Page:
What is being done to help
There are some consumer advocacy groups attempting to break the tie between companies or businesses who look at these as part of the screening process for hiring. The movement originally started in New York City, but has spread across the nation.
Currently eight states restrict the way companies use one in the hiring process. These states include Hawaii, California, Connecticut, Washington, Oregon, Vermont and Maryland. Several other states are in the course of changing current legislation related to the matter. States such as Colorado, Massachusetts and New York are all reviewing laws on the books in this area to limit how they are used.
This doesn’t always mean a pristine one will land you the work all by itself. This is not always the only hindrance used in booting you back to the unemployment line. There are also other factors such as experience, skills or education as well. Though, if everything appears in order, look at this for a reason you are not receiving the call backs or attention you feel your application deserves.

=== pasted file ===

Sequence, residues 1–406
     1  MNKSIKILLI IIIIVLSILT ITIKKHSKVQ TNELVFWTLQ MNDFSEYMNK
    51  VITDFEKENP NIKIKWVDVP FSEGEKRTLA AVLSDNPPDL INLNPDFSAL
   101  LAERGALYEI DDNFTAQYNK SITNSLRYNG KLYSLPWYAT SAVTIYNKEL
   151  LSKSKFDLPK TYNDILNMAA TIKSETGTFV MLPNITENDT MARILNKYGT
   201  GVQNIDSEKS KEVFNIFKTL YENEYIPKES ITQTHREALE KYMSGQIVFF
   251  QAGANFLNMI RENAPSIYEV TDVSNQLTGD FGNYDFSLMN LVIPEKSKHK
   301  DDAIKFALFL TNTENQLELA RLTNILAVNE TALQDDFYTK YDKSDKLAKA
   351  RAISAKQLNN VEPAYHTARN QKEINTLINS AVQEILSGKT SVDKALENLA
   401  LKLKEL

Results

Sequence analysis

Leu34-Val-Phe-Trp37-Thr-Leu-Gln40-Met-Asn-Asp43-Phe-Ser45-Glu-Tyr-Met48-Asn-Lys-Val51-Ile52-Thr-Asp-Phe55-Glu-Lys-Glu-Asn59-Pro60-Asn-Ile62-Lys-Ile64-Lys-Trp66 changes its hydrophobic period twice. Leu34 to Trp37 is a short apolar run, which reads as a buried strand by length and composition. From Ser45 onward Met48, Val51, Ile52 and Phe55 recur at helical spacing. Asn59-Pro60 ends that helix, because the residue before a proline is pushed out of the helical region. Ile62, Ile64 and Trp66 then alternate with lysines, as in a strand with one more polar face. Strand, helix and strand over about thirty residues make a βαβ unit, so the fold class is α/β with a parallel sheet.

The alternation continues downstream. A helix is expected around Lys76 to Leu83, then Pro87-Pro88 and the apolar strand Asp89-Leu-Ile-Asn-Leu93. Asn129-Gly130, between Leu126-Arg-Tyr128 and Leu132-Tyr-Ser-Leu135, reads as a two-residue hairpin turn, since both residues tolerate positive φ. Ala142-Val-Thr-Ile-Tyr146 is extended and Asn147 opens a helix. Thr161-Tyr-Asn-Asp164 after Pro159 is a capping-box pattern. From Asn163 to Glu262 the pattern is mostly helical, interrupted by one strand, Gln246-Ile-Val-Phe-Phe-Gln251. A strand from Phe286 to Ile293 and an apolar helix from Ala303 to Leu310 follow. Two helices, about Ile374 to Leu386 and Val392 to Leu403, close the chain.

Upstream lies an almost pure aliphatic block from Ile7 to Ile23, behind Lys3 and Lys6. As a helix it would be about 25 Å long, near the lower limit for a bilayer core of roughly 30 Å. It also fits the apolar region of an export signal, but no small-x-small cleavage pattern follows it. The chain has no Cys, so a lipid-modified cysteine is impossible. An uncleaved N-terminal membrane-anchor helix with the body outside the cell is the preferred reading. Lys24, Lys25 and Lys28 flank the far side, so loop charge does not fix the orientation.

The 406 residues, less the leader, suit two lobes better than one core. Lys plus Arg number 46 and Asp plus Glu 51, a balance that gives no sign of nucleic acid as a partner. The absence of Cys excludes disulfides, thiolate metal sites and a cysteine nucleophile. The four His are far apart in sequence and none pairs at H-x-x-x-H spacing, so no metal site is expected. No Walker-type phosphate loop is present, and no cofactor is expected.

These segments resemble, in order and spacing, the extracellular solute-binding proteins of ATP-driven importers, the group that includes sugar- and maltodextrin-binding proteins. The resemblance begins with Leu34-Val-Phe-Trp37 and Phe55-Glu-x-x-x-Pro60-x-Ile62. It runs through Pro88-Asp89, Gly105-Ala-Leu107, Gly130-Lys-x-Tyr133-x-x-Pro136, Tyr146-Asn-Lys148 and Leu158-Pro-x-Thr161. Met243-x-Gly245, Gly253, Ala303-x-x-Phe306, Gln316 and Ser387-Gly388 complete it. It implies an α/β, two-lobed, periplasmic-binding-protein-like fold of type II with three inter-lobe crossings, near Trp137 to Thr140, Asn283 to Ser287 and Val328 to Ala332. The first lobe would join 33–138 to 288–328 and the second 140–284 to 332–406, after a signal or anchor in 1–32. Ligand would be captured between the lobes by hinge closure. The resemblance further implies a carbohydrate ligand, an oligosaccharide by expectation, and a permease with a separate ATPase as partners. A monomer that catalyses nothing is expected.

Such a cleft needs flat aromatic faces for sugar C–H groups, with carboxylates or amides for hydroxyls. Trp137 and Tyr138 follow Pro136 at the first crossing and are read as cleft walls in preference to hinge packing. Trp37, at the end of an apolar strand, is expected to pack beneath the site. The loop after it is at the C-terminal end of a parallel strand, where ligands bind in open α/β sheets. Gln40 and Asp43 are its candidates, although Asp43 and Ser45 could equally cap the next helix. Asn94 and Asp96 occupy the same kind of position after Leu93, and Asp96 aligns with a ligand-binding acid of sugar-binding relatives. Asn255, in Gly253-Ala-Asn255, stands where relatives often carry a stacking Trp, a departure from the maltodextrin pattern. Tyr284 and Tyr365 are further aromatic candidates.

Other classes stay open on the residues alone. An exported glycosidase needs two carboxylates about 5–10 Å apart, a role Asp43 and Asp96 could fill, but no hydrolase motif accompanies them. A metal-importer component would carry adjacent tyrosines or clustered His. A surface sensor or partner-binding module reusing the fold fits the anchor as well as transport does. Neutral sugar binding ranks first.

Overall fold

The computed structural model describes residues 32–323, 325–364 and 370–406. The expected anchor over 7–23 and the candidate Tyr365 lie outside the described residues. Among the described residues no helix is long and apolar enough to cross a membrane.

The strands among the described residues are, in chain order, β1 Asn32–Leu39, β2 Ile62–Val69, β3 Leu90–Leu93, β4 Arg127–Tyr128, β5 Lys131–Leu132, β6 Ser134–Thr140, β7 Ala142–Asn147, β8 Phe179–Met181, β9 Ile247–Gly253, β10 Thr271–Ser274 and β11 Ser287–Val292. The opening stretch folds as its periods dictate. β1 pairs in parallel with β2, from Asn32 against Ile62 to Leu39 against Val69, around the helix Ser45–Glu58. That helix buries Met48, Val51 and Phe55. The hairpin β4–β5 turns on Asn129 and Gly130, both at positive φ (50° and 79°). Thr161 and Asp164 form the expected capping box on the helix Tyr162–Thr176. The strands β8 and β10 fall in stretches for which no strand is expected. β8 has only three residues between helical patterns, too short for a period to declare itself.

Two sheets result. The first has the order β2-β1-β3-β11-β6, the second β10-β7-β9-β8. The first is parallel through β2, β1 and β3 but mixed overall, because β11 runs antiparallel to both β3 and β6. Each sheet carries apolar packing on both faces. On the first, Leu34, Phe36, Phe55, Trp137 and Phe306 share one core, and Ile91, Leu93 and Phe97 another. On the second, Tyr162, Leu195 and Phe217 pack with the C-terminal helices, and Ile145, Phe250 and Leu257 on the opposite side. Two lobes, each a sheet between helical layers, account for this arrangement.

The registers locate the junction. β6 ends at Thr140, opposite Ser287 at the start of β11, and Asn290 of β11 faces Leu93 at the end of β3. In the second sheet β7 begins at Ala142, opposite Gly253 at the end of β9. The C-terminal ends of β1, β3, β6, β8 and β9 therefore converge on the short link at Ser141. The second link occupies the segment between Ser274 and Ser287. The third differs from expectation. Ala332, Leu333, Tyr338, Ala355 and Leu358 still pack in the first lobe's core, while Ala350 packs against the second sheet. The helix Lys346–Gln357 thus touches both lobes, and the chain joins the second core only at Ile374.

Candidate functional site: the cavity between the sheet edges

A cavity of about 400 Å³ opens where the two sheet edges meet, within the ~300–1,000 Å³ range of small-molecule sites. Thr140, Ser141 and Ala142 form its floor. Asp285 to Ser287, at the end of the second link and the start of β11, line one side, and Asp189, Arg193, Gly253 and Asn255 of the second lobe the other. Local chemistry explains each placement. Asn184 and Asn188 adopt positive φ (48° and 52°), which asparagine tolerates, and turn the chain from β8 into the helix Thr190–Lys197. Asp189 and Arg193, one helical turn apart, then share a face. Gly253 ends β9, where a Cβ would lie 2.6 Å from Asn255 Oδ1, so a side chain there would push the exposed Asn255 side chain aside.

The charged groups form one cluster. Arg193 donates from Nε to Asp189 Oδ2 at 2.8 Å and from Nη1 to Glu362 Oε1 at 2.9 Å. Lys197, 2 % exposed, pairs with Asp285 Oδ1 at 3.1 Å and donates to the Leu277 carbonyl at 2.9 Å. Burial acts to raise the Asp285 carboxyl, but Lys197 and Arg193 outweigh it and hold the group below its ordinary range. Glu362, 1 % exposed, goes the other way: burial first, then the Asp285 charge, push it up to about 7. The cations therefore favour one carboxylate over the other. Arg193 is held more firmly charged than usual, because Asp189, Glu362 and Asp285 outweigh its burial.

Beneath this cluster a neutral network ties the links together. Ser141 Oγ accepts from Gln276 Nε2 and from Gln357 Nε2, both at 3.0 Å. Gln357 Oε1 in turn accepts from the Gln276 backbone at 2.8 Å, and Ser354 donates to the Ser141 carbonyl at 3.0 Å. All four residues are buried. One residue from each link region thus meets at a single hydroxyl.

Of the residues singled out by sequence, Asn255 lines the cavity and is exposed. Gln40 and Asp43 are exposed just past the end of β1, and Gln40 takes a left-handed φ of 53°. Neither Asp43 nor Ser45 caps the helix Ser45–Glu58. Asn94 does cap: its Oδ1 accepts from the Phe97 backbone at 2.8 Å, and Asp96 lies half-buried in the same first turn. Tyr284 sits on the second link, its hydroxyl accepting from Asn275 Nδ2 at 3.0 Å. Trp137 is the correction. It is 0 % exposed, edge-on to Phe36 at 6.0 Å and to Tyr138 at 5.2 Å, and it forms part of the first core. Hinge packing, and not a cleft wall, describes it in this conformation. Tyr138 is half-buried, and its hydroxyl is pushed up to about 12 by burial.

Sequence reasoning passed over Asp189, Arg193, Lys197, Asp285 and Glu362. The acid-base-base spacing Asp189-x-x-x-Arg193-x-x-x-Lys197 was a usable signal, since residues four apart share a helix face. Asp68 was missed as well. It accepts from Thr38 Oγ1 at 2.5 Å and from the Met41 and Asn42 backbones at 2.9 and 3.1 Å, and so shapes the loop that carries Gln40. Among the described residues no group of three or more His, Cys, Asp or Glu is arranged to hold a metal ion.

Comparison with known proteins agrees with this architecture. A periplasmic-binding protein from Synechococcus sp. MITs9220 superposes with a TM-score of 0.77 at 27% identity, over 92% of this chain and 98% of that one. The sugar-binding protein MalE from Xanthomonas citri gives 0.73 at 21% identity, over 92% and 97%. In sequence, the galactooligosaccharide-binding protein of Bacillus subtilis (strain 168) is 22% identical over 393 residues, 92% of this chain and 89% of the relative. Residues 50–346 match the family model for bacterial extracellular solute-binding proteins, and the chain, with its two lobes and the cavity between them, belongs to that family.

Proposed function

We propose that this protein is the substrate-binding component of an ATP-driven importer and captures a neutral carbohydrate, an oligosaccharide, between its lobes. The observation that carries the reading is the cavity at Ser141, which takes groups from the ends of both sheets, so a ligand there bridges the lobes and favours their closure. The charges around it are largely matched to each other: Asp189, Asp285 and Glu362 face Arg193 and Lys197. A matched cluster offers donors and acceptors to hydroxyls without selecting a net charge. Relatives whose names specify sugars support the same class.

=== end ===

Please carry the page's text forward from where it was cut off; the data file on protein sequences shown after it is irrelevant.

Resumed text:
The issue of where your credit lies is extremely important for millions of Americans. This is especially true since the recession during the years of 2007-2009. Millions were hit hard in this area with foreclosures, bankruptcies, missed payments and late payments. Although they are desperately trying to recover, without a way to get an income flowing they are unable to.
Why are employers looking at these?
There are some situations where the denials and a less than perfect financial history doesn’t appear to correlate. In other words, selling handbags and having a foreclosure in your past doesn’t even touch one another. In spite of this, the work or resource to make a living based on this information is denied. This is one of the justifications used for changing current legislation that lets them use this in a screening process.